List of mammals of the Cocos (Keeling) Islands
This is a list of the mammal species recorded in the Cocos (Keeling) Islands, a small Indian Ocean archipelago approximately midway between Australia and Sri Lanka. There are two non-marine mammal species in the Cocos (Keeling) Islands, neither of which is believed to be threatened.
The following tags are used to highlight each species' conservation status as assessed by the IUCN:
|EX||Extinct||No reasonable doubt that the last individual has died.|
|EW||Extinct in the wild||Known only to survive in captivity or as a naturalized populations well outside its previous range.|
|CR||Critically Endangered||The species is in imminent risk of extinction in the wild.|
|EN||Endangered||The species is facing an extremely high risk of extinction in the wild.|
|VU||Vulnerable||The species is facing a high risk of extinction in the wild.|
|NT||Near Threatened||The species does not meet any of the criteria that would categorise it as risking extinction but it is likely to do so in the future.|
|LC||Least Concern||There are no current identifiable risks to the species.|
|DD||Data Deficient||There is inadequate information to make an assessment of the risks to this species.|
Some species were assessed using an earlier set of criteria. Species assessed using this system have the following instead of Near Threatened and Least Concern categories:
|LR/cd||Lower Risk/conservation dependent||Species which were the focus of conservation programmes and may have moved into a higher risk category if that programme was discontinued.|
|LR/nt||Lower Risk/near threatened||Species which are close to being classified as Vulnerable but are not the subject of conservation programmes.|
|LR/lc||Lower Risk/least concern||Species for which there are no identifiable risks.|
Order: Chiroptera (bats)
The bats' most distinguishing feature is that their forelimbs are developed as wings, making them the only mammals in the world naturally capable of flight. Bat species account for about 20% of all mammals.
- Family: Vespertilionidae
- Family: Molossidae
The order Cetacea includes whales, dolphins and porpoises. They are the mammals most fully adapted to aquatic life with a spindle-shaped nearly hairless body, protected by a thick layer of blubber, and forelimbs and tail modified to provide propulsion underwater.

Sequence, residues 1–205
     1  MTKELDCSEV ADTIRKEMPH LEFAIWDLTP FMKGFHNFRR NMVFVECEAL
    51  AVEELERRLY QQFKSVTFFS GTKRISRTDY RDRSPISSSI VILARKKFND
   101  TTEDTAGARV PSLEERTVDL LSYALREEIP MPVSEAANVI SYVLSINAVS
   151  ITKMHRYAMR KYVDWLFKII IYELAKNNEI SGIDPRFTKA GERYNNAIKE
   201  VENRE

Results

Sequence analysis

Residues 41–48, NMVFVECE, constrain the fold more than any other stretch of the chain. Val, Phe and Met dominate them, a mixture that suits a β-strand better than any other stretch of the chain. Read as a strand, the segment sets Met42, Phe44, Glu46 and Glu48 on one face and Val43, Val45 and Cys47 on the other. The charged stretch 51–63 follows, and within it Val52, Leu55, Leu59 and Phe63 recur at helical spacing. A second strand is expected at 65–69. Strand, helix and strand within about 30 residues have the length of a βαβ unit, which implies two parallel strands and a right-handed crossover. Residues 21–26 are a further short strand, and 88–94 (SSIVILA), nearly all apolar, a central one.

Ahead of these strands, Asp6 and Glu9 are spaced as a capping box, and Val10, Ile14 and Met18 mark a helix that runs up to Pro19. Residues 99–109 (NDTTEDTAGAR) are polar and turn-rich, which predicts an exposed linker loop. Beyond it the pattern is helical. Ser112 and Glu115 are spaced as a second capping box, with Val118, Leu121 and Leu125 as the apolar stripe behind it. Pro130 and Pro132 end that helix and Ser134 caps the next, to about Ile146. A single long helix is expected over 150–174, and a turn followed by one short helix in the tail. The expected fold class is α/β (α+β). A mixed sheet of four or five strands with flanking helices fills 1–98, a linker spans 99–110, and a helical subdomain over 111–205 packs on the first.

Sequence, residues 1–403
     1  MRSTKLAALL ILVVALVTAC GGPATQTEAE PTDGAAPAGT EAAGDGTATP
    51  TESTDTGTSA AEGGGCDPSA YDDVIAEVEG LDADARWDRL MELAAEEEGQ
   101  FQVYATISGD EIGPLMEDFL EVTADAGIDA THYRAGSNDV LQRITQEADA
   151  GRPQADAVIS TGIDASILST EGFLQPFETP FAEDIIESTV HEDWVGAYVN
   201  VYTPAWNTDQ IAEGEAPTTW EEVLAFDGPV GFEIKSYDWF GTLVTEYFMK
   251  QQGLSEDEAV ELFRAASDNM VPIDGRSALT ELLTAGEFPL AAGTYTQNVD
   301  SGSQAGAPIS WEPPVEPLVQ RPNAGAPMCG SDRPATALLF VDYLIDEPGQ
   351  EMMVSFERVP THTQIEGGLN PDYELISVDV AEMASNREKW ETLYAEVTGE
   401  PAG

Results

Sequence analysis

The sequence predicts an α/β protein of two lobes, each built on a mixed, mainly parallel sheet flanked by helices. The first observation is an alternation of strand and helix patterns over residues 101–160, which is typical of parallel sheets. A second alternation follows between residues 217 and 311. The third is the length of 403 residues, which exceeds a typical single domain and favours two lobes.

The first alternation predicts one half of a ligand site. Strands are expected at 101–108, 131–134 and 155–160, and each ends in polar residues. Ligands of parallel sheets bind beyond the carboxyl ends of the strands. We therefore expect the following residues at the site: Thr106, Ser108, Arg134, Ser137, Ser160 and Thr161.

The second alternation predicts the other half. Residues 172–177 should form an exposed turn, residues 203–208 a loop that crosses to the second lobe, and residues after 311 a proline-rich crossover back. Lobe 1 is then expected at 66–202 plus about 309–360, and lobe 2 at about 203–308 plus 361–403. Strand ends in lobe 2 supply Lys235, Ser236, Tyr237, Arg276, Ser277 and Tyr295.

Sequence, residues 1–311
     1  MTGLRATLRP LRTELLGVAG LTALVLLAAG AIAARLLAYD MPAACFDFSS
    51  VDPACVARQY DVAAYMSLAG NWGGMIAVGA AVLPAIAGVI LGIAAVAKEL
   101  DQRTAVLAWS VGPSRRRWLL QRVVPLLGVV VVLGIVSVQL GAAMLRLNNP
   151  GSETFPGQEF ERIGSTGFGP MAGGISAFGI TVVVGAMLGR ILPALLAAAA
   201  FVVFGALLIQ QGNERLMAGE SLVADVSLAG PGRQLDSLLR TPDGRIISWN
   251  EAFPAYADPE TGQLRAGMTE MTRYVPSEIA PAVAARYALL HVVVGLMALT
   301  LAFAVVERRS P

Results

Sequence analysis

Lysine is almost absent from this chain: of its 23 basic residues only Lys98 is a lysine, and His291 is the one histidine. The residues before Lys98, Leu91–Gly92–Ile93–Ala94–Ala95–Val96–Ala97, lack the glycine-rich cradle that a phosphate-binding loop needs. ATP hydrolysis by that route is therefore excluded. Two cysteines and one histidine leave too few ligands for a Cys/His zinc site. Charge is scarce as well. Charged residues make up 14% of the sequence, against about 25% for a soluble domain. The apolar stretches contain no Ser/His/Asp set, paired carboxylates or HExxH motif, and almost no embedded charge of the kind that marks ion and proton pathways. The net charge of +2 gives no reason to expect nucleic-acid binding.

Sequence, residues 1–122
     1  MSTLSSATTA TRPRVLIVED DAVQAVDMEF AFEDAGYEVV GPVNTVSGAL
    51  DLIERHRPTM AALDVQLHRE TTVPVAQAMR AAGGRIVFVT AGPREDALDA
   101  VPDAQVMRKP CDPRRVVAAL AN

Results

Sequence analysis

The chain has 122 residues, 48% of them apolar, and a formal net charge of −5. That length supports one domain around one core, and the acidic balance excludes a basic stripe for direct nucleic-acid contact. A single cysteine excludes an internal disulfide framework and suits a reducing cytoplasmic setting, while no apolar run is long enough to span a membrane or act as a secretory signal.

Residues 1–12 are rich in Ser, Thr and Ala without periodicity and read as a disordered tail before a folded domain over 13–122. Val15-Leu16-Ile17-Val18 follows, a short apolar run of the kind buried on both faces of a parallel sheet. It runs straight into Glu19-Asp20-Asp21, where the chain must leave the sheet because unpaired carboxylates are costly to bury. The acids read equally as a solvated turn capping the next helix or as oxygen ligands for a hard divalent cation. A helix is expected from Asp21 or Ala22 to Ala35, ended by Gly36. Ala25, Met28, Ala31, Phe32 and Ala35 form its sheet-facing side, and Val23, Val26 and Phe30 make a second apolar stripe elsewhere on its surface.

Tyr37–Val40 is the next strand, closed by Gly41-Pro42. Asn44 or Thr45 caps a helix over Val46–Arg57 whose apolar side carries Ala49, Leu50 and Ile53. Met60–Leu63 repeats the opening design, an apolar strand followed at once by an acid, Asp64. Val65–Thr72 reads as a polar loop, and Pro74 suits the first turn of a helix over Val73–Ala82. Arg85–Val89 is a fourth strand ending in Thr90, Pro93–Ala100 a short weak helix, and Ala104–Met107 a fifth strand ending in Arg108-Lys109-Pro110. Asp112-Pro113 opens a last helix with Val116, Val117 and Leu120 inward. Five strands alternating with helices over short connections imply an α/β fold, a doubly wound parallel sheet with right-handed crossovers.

- Suborder: Mysticeti
- Suborder: Odontoceti
- This list is derived from the IUCN Red List which lists species of mammals and includes those mammals that have recently been classified as extinct (since 1500 AD). The taxonomy and naming of the individual species is based on those used in existing Wikipedia articles as of 21 May 2007 and supplemented by the common names and taxonomy from the IUCN, Smithsonian Institution, or University of Michigan where no Wikipedia article was available.
- Sharif Ranjbar S., Dakhteh S.M., Waerebeek V.K. (2016). "Omura's whale (Balaenoptera omurai ) stranding on Qeshm Island, Iran: further evidence for a wide (sub)tropical distribution, including the Persian Gulf". bioRxiv .
- Hobbs A. J.-P., Frisch J.A., Hender J., Justin J., Gilligan J.J. (2007). "Long-Distance Oceanic Movement of a Solitary Dugong(Dugong dugon) to the Cocos (Keeling) Islands" (pdf). Aquatic Mammals. 33 (2): 175–178. doi:10.1578/AM.33.2.2007.175. Retrieved 2016-04-19. [permanent dead link]
- "Conservation values in Commonwealth waters of the Christmas and Cocos(Keeling) Island remote Australian territories" (pdf). 2009: 1–222. Retrieved 2016-04-19.
- "The IUCN Red List of Threatened Species: Mammals of the Cocos (Keeling) Islands". IUCN. 2001. Retrieved 22 May 2007.[dead link]
- "Mammal Species of the World". Smithsonian National Museum of Natural History. 2005. Archived from the original on 27 April 2007. Retrieved 22 May 2007.
- "Animal Diversity Web". University of Michigan Museum of Zoology. 1995–2006. Retrieved 22 May 2007.